Collaborative Contracts: Designing the Contract

Those working collaboratively with clients and contractors know to lock the contract in the bottom drawer. Conventional contracts are all about handling failure of performance and they push the parties into their corners.

Adversarial behaviour in defence of your own interests is inevitable, especially following an attack by another party. So anyone who signs a partnering charter or simply wants to co-operate constructively agrees tacitly or openly to ignore the contract if at all possible, solving difficulties by agreement. The most celebrated case of this approach has been the Ministry of Defence’s experimental “Building Down Barriers” project, where the client formally suspended all recourse to the contract or to insurance in order not to inhibit collaboration within the team.

The result was two projects of outstanding performance and value for money. The MoD gave responsibility for further development of the Building Down Barriers to the Design Build Foundation, now Be (Collaborating for the Built Environment).

However, the real world had to return after the experiment and without a form of contract suitable for collaboration, all the old attitudes came back. Attempts to write less adversarial contracts like NEC and PCP2000 have been quite successful, but Be wanted to create a contract that actively supported collaboration. The new Be collaborative contract was launched on September 12. It takes a very different approach, aimed at supporting collaboration through the act of agreeing the contract contents.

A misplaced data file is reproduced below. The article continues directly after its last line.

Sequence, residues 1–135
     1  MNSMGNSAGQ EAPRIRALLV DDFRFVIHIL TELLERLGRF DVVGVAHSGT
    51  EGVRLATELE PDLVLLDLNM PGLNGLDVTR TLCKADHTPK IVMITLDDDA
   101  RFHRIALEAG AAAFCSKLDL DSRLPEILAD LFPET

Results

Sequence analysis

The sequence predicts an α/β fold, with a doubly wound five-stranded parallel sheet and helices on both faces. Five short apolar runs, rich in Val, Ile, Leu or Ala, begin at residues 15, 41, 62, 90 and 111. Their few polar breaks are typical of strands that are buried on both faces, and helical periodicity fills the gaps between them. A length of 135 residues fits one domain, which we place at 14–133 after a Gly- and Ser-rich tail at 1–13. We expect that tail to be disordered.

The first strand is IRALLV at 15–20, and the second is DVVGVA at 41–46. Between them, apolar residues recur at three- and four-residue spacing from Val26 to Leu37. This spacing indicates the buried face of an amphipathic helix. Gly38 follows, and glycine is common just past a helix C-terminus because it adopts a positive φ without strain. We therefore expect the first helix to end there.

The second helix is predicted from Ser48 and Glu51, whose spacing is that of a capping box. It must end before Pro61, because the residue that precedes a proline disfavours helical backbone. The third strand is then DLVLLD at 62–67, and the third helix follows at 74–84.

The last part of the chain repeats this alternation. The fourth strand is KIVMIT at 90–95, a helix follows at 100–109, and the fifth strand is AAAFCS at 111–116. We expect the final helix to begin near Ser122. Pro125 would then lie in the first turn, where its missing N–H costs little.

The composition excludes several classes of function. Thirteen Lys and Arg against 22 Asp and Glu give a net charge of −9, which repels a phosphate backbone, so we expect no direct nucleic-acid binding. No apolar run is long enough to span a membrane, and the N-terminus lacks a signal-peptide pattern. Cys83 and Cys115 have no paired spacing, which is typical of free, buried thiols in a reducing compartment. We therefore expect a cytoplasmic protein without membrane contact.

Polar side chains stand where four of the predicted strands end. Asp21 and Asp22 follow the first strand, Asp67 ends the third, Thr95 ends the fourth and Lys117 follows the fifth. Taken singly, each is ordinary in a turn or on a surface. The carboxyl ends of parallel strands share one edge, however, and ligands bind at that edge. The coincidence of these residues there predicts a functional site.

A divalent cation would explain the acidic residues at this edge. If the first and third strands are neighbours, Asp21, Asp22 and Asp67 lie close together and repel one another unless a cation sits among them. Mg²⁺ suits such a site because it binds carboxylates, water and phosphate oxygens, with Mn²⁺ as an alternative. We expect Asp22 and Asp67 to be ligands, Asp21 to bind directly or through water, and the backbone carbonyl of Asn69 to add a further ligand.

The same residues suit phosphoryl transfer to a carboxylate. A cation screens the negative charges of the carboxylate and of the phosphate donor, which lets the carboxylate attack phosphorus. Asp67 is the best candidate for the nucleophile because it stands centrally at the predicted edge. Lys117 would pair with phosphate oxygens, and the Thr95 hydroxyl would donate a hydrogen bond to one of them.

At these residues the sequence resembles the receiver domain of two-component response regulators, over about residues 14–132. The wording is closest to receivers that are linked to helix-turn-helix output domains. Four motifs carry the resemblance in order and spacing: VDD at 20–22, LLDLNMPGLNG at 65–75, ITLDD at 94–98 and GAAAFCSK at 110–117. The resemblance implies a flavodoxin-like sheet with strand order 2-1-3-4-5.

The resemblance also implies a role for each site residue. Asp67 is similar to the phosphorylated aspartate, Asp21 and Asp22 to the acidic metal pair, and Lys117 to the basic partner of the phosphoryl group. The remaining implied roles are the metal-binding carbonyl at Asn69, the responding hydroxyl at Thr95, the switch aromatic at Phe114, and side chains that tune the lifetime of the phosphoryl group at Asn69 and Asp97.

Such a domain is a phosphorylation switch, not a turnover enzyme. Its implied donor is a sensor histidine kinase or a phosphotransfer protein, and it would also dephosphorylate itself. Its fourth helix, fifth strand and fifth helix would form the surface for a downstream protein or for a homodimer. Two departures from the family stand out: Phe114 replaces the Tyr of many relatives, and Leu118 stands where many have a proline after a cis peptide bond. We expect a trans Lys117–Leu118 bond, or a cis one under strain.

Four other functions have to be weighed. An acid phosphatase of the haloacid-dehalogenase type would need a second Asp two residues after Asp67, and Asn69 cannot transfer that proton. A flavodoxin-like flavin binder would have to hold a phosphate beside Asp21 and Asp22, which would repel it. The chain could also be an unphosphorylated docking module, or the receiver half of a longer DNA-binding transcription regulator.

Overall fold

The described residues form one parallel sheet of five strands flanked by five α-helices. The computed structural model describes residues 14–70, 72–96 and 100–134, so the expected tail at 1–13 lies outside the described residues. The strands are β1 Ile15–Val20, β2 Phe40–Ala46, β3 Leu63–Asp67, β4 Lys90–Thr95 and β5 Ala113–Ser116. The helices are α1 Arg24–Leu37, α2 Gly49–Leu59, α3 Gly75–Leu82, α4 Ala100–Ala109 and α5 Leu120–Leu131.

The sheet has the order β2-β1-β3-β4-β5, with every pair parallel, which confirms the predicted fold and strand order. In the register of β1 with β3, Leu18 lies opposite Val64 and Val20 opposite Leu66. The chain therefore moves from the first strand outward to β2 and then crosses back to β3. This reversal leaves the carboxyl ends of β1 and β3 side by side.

Ideally, it is used where the contractor enters the project early, in a two-stage or framework environment, but it can also be used more conventionally. The document consists of a set of conditions and a purchase order, and is in a two-party format suitable for every relationship in the team, including client-architect. The purchase order requires clear goals to be agreed and lists the identified risks with how each will be handled and costs allocated. The act of surfacing all risks and agreeing their consequences takes away the uncertainties that derail so many projects. “Relief Events” – the circumstances in which additional time or money will be allowable – are also agreed.

No form of contract by itself will make unwilling parties collaborate, but where the desire to work collaboratively exists, the Be contract supports the idea, working out all the points that could cause problems and setting the framework for solving difficulties encountered. For example, a problem between any parties in the team must be notified to all. The guidance notes to the contract are almost more valuable than the document itself, acting as a how-to manual.

The contract dovetails with the Office of Government Commerce’s “Achieving Excellence” recommendations to clients and it supports target-cost working. Three public-sector clients are already trialling it successfully. It is the culmination of a three-year effort by a team at Be, drawn from across the membership of clients, consultants, lawyers, contractors and specialists.

So this is a contract for the top of the desk: using it helps you to collaborate. Have a look at it on and let me know what you think.

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